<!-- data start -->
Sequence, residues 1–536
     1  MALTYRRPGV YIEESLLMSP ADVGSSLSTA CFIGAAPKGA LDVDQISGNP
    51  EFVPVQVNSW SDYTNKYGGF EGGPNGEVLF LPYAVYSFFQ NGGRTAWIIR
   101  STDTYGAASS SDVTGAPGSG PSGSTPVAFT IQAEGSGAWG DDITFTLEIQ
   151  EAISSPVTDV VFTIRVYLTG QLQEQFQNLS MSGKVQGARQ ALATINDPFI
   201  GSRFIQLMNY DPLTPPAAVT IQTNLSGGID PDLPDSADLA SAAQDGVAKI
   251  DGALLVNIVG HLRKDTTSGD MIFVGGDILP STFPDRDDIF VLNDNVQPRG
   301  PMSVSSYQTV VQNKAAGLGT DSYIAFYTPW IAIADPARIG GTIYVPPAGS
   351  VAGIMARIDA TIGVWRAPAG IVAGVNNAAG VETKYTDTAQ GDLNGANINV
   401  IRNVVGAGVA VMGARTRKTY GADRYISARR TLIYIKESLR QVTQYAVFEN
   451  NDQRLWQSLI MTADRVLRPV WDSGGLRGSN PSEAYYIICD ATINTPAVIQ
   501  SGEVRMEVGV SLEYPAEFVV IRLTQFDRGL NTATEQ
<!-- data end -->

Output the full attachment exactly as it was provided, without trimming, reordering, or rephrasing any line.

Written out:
Sequence, residues 1–536
     1  MALTYRRPGV YIEESLLMSP ADVGSSLSTA CFIGAAPKGA LDVDQISGNP
    51  EFVPVQVNSW SDYTNKYGGF EGGPNGEVLF LPYAVYSFFQ NGGRTAWIIR
   101  STDTYGAASS SDVTGAPGSG PSGSTPVAFT IQAEGSGAWG DDITFTLEIQ
   151  EAISSPVTDV VFTIRVYLTG QLQEQFQNLS MSGKVQGARQ ALATINDPFI
   201  GSRFIQLMNY DPLTPPAAVT IQTNLSGGID PDLPDSADLA SAAQDGVAKI
   251  DGALLVNIVG HLRKDTTSGD MIFVGGDILP STFPDRDDIF VLNDNVQPRG
   301  PMSVSSYQTV VQNKAAGLGT DSYIAFYTPW IAIADPARIG GTIYVPPAGS
   351  VAGIMARIDA TIGVWRAPAG IVAGVNNAAG VETKYTDTAQ GDLNGANINV
   401  IRNVVGAGVA VMGARTRKTY GADRYISARR TLIYIKESLR QVTQYAVFEN
   451  NDQRLWQSLI MTADRVLRPV WDSGGLRGSN PSEAYYIICD ATINTPAVIQ
   501  SGEVRMEVGV SLEYPAEFVV IRLTQFDRGL NTATEQ